Home / News
CHAPTER 10. SMOOTHING THE WAY (continued)
'I don't,' said the old lady.
'Why not, Ma?'
'Because I DON'T,' said the old lady. 'Still, I am quite open to discussion.'
'But, my dear Ma, I cannot see how we are to discuss, if you take that line.'
'Blame Mr. Neville for it, Sept, and not me,' said the old lady, with stately severity.
'My dear Ma! why Mr. Neville?'
'Because,' said Mrs. Crisparkle, retiring on first principles, 'he came home intoxicated, and did great discredit to this house, and showed great disrespect to this family.'
'That is not to be denied, Ma. He was then, and he is now, very sorry for it.'
'But for Mr. Jasper's well-bred consideration in coming up to me, next day, after service, in the Nave itself, with his gown still on, and expressing his hope that I had not been greatly alarmed or had my rest violently broken, I believe I might never have heard of that disgraceful transaction,' said the old lady.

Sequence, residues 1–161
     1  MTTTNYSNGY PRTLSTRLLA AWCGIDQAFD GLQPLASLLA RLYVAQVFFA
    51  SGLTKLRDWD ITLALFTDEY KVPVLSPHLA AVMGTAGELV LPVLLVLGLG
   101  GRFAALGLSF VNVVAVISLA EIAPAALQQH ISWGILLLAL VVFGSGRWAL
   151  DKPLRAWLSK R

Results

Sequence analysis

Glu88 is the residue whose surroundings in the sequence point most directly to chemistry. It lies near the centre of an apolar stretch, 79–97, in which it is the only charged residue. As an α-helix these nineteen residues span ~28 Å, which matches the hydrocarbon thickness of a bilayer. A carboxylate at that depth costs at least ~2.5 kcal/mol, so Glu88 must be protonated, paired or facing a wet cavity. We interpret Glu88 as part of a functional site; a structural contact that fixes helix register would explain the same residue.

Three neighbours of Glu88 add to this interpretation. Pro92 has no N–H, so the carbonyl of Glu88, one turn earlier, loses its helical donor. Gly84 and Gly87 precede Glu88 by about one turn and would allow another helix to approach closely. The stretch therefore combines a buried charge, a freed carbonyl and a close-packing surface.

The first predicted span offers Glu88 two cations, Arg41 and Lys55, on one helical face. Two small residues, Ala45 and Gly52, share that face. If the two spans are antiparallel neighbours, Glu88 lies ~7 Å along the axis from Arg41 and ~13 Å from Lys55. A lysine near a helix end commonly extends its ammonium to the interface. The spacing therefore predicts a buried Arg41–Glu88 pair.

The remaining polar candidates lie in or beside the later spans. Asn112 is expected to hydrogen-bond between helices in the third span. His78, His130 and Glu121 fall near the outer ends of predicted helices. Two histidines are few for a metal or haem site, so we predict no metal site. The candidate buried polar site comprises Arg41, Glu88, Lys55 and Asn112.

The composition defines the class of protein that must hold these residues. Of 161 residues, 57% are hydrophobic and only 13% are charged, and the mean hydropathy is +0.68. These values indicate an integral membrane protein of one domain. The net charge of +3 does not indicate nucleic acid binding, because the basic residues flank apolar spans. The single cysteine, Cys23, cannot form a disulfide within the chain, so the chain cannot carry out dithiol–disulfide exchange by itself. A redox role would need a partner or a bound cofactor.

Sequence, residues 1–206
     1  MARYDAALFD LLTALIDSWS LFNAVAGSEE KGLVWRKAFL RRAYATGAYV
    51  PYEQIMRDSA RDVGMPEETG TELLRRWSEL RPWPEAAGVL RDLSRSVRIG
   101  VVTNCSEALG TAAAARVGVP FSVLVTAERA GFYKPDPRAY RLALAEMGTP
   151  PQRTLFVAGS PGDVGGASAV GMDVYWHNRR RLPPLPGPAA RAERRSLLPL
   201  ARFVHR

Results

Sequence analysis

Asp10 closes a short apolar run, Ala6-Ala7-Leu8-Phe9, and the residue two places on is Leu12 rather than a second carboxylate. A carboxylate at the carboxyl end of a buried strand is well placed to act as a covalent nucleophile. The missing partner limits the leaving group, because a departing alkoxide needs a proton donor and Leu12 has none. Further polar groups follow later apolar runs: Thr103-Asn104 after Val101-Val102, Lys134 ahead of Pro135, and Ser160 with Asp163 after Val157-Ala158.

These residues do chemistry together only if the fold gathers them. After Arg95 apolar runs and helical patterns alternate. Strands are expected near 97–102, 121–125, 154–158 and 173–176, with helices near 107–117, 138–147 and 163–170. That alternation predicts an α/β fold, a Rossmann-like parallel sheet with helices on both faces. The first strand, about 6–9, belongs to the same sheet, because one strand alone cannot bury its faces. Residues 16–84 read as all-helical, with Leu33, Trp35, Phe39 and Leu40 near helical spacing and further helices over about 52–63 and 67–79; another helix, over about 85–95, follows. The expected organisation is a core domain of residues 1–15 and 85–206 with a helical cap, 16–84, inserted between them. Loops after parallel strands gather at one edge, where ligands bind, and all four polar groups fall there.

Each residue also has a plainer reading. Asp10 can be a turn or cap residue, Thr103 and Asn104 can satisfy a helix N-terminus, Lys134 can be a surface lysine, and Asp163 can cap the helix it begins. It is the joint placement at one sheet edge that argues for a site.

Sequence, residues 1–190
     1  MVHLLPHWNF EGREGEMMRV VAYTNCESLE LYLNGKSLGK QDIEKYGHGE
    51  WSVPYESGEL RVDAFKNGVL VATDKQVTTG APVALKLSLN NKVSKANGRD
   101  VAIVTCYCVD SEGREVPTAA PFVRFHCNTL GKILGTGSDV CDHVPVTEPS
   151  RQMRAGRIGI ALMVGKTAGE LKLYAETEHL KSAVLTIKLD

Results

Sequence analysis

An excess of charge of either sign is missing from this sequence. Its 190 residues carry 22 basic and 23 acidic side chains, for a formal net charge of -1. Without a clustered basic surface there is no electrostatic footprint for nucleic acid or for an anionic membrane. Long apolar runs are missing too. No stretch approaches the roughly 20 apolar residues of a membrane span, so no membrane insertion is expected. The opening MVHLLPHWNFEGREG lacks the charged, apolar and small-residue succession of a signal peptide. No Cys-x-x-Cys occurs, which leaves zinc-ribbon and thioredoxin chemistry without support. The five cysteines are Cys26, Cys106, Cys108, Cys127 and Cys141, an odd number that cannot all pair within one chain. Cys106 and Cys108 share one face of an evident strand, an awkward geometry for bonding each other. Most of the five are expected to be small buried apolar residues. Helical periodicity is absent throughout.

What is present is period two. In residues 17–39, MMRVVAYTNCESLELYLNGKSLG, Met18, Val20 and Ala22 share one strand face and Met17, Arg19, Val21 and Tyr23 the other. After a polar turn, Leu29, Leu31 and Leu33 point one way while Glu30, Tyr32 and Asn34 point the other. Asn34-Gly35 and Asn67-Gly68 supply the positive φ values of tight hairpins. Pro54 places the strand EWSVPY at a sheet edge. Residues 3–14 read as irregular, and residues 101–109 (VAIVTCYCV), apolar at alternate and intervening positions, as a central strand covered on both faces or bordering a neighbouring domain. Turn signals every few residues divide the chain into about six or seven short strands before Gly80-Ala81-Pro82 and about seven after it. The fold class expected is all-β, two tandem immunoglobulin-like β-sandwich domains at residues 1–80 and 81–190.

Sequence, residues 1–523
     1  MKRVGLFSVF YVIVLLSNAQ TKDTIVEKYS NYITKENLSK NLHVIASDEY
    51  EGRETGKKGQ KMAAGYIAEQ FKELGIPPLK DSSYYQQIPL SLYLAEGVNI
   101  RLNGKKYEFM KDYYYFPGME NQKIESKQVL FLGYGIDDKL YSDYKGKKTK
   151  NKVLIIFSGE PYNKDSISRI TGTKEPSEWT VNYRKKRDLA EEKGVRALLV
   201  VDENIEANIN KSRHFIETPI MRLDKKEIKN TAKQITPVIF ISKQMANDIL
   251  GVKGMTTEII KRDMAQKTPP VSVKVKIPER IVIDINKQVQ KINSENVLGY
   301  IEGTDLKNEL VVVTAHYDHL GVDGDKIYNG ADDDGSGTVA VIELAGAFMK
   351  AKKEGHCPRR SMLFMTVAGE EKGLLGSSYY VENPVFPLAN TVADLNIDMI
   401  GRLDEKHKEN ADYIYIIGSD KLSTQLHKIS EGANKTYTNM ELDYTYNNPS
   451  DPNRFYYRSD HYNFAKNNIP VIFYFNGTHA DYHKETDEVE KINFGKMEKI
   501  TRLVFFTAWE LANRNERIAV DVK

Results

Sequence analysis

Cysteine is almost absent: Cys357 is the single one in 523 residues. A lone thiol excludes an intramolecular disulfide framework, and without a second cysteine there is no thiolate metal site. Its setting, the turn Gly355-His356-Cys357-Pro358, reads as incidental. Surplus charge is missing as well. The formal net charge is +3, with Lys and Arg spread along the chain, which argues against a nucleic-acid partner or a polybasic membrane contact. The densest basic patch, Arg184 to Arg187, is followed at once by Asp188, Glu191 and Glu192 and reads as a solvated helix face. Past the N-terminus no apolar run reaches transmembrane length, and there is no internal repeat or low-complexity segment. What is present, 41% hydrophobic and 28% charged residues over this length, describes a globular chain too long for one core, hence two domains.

'To be candid, Ma, I think I should have kept it from you if I could: though I had not decidedly made up my mind. I was following Jasper out, to confer with him on the subject, and to consider the expediency of his and my jointly hushing the thing up on all accounts, when I found him speaking to you. Then it was too late.'
'Too late, indeed, Sept. He was still as pale as gentlemanly ashes at what had taken place in his rooms overnight.'
'If I HAD kept it from you, Ma, you may be sure it would have been for your peace and quiet, and for the good of the young men, and in my best discharge of my duty according to my lights.'
This is page 100 of 285. [Mark this Page]
Mark any page to add this title to Your Bookshelf. (0 / 10 books on shelf)
Buy a copy of The Mystery of Edwin Drood at Amazon.com
Customize text appearance:
(c) 2003-2012 LiteraturePage.com and Michael Moncur.
For information about public domain texts appearing here, read the copyright information and disclaimer.